"My husband did nothing more than exercise the right to freedom of speech which is a bulwark of British society. In China, he would not be allowed to do this and he has already undergone 18 months imprisonment for his peaceful activism. The search of our home and the manner of his arrest was deeply traumatic for both of us because of its obvious resonances.
"We would like to know more about the decision-making process that led to both Shao’s arrest and the seizure of our computers. We would also like to know when our computers will be returned. A phone number was left in our flat together with a copy of the warrant but when I called this number the next morning it was the wrong number. We are discussing with our lawyer the possibility of further legal action but we wanted to raise this with you now as a matter of urgency".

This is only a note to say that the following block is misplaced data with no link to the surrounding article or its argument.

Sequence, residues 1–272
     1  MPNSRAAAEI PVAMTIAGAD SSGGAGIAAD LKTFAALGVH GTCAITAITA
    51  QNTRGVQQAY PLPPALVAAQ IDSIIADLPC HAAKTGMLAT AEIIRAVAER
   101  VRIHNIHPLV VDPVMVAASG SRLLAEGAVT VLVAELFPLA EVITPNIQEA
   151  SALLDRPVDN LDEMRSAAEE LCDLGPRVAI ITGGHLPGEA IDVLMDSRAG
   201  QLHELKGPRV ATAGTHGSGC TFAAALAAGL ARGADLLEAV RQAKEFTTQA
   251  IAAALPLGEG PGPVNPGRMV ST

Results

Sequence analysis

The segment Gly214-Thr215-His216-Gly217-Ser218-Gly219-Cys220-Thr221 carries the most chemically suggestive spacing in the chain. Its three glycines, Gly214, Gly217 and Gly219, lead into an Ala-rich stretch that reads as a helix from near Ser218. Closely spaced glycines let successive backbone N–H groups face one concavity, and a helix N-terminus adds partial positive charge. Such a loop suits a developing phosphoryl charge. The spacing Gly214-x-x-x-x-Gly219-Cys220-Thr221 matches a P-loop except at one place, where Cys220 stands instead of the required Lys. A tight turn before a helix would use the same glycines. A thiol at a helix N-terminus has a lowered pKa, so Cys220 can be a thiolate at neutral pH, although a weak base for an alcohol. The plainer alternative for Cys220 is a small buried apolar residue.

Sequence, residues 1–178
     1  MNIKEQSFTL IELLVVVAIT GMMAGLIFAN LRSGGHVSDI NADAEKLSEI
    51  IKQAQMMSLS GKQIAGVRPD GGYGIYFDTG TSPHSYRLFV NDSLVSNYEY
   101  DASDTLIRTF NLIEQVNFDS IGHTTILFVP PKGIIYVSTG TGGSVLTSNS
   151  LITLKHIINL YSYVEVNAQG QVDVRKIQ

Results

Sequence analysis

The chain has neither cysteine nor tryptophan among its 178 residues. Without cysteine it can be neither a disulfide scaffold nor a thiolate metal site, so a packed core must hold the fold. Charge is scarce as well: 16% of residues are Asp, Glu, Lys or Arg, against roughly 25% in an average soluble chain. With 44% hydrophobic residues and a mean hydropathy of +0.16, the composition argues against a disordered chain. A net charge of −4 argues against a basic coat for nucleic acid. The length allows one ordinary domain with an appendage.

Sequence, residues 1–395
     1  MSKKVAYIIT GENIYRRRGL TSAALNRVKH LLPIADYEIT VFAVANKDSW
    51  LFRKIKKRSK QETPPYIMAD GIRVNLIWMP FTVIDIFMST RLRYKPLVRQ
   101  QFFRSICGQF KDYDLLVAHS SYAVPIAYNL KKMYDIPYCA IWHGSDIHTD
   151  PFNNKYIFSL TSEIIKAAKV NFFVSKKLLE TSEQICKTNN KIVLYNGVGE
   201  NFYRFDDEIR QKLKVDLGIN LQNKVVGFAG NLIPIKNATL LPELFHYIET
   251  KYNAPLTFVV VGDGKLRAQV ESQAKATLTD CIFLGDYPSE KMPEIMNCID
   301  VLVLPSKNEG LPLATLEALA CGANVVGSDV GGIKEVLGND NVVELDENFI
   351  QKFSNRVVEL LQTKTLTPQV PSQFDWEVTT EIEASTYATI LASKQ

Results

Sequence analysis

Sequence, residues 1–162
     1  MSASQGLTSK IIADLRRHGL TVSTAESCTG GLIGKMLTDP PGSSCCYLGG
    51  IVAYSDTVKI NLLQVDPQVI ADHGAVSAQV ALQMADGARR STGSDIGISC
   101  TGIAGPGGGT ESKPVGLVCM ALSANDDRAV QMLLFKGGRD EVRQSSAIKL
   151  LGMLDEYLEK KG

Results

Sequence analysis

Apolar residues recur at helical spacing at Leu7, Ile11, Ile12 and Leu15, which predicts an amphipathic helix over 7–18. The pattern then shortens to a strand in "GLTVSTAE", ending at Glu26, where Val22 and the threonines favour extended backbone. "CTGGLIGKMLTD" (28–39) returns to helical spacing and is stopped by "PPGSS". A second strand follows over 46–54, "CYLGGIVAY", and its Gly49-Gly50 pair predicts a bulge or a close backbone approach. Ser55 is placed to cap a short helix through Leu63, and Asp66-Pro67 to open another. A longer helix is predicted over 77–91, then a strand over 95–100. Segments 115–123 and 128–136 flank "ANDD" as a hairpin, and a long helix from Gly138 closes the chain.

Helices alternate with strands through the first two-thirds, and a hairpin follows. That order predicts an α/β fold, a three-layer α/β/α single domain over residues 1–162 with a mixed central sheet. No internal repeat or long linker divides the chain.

Film clips of Shao Jiang’s arrest
Quotes by MPs in Independent article
Tim Farron (Liberal Democrat leader): “The right to protest peacefully is an intrinsically British value that underpins our democracy. The police’s heavy-handed response undoubtedly will leave some questioning our commitment to human rights and I would urge the Home Secretary to take this up directly with the Metropolitan Police.”
Ann Clwyd (Chair, all-party group on human rights): “Peaceful protest is something we take as a given in the United Kingdom.” She also said she would raise the case with the Home Secretary, Theresa May.
Carole Beavis’s letter to The Independent
Tibetan Community press release
Section 5 of the Public Order Act: